Long ago, in the mists of pre-history, it started.
We were on this side of the river, and they were
on that side. Our people were valued, theirs were to be slaughtered if
they stepped foot in our village.
The Constitution of the United States defined a Negro as equivalent
to three fifths of a white man (technically, only in terms of political power).
They were good for pickin' cotton, but you wouldn't want your daughter
to marry one.
Out West, there was a lot of land. Tens of thousands of
Indians lived on it; tens of thousands of "white folks" (who at one time were
from this village or that, or were Roman or Germanian, but those minor tiffs can be forgotten in the face of
such differences as this) wanted to. Clearly, those
people in the way were stupid, brutal, dirty; fit for extermination. The only
good Injun was a dead Injun.
When they were pretty much cleared out, there were plenty of "heathen Chinee"
to look down upon. Build our railroads! Do our laundry! Head down when we
In our own modern age, it was the official position of one of the
most powerful states in the world that the Superman could
only be tall with blond hair and blue eyes. Jews, Gypsies,
Catholics and Queers need not apply.
Sometimes, we in the U.S. have fooled ourselves into thinking we'd put
such attitudes behind us, but we found other obstacles to place between
us — rich and poor, or even recent
immigrants vs. more established ones.
It was always something. You do your business on that side of the road, and
we'll do our business on this side. …
Don't ever let me catch you with him again. …
You don't know what they're like.
When I was a child, the Perez family lived down the street. Mikey and Millio,
a bit older than my two older brothers. Sometimes I couldn't understand
what they were saying.They taught me how to throw a
Frisbee. They showed me how close brothers could be.
Directly across from us was Nancy, my playmate. Her family were Protestants. Talking with her (on a very shallow level) brought me my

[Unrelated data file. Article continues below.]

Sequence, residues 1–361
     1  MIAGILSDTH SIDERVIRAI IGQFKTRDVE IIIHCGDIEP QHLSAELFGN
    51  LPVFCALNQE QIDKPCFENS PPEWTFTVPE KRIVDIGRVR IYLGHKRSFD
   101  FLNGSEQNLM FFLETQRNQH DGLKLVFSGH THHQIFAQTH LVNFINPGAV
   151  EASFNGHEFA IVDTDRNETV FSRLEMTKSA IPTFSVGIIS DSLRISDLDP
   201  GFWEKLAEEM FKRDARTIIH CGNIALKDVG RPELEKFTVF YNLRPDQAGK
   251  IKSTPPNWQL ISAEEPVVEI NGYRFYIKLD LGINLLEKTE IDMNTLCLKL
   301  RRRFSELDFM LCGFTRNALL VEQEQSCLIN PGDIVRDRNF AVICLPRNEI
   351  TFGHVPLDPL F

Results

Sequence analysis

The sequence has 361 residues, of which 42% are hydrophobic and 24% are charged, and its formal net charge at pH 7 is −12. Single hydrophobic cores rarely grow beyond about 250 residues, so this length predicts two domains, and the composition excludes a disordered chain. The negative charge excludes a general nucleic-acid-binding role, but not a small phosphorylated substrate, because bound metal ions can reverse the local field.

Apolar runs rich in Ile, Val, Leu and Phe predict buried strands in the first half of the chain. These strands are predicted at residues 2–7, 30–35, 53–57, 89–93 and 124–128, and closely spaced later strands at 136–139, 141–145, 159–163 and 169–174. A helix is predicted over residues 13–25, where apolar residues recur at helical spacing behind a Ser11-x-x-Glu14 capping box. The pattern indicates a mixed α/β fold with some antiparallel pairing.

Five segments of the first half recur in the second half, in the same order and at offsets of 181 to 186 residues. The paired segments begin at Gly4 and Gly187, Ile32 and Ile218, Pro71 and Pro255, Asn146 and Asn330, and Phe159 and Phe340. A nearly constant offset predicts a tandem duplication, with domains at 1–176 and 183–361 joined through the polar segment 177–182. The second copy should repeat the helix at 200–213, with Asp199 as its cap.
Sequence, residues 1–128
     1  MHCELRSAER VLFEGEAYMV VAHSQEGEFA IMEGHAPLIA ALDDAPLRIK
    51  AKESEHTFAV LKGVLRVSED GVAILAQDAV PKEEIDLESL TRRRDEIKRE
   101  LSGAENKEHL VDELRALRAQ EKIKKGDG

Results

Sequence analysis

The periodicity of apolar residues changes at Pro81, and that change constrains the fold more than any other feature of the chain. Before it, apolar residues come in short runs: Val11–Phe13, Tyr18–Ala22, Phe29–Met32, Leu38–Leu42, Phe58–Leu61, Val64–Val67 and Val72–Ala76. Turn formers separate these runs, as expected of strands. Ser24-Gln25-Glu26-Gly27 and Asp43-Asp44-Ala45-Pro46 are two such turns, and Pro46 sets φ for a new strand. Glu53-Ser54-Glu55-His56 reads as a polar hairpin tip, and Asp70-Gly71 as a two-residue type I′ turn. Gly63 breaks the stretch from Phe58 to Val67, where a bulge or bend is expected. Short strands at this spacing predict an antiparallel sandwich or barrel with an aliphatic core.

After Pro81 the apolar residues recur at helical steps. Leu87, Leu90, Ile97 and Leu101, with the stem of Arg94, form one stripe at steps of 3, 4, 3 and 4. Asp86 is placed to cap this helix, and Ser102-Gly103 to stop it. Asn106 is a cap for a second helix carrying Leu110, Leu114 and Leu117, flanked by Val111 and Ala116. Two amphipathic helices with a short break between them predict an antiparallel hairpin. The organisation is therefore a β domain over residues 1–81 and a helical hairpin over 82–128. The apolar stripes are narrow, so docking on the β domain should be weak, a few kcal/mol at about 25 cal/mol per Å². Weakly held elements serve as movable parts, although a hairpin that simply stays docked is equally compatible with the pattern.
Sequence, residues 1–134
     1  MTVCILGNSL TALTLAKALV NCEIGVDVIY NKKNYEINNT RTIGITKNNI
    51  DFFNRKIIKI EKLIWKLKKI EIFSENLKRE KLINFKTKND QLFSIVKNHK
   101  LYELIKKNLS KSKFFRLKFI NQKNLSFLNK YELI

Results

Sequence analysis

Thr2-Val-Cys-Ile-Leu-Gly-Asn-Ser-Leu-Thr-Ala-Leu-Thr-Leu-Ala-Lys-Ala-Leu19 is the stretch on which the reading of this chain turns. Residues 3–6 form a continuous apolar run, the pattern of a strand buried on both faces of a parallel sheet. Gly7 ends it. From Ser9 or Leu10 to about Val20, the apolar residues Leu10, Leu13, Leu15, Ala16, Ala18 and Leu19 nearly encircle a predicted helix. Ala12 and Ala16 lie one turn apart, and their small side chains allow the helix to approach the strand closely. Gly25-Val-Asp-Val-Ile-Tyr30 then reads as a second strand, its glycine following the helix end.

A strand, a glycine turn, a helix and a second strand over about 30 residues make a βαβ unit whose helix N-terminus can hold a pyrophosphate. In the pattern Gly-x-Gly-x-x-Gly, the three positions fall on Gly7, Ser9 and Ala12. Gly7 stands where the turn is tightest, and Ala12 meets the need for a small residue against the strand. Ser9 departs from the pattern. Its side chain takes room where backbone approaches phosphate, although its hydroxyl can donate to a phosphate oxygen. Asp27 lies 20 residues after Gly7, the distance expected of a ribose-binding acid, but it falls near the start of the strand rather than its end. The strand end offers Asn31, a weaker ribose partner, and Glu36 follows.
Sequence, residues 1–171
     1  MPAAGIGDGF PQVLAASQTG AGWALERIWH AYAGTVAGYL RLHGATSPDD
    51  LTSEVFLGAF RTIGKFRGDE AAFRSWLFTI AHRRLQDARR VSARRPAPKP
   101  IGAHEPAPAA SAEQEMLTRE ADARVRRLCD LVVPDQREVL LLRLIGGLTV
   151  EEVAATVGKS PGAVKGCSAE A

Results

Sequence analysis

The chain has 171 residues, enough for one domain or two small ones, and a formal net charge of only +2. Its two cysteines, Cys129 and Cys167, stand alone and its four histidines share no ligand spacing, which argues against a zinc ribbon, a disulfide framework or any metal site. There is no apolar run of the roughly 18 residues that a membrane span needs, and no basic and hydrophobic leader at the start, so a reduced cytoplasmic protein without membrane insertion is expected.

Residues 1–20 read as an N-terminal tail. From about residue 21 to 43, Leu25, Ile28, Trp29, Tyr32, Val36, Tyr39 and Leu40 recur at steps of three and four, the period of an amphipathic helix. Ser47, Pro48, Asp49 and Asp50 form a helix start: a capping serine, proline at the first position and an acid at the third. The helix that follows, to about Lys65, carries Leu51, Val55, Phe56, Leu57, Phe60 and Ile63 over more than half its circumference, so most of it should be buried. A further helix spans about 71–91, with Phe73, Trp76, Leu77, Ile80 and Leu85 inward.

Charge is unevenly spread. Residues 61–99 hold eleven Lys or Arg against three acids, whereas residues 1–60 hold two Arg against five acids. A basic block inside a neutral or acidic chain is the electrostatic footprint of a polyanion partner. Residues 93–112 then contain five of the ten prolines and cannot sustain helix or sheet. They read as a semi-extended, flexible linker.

first real realization that not everyone was Catholic. Even then, it was a while
before I learned that they believed in some quite different things. But I still
enjoyed playing "let's get married" with her.
One year in high school, I was in summer school and didn't know anybody.
James, a Chinese boy, took notice and hung out with me at recess.
Dave, the vice president of the company where I had my first real job, was
from Pakistan. He dressed amazingly well, and remains in my mind the
archetype of social grace.
My one-time girlfriend of ten years was Filipino. When I would visit her, I would
often receive several days of immersion in a foreign culture, as virtually all of
her acquaintances here were also from the Phillipines. I was her
The first real friend I met after moving to Santa Barbara is Iranian. He improved my tennis game, resurrected some of my dormant
ability to speak German, and suggested that we live together, despite
my unwanted sexual desire for him.
Why would I have wanted to shun any of these people? Or them to shun me? Somewhere within
me, deep or on the surface, to a greater or lesser extent, each one of them is a
part of me. I've not yet had a close Negro friend — maybe that's what
that little chip on my left side is waiting for.
"We must learn to live together as brothers
or perish together as fools."
— Martin Luther King, Jr.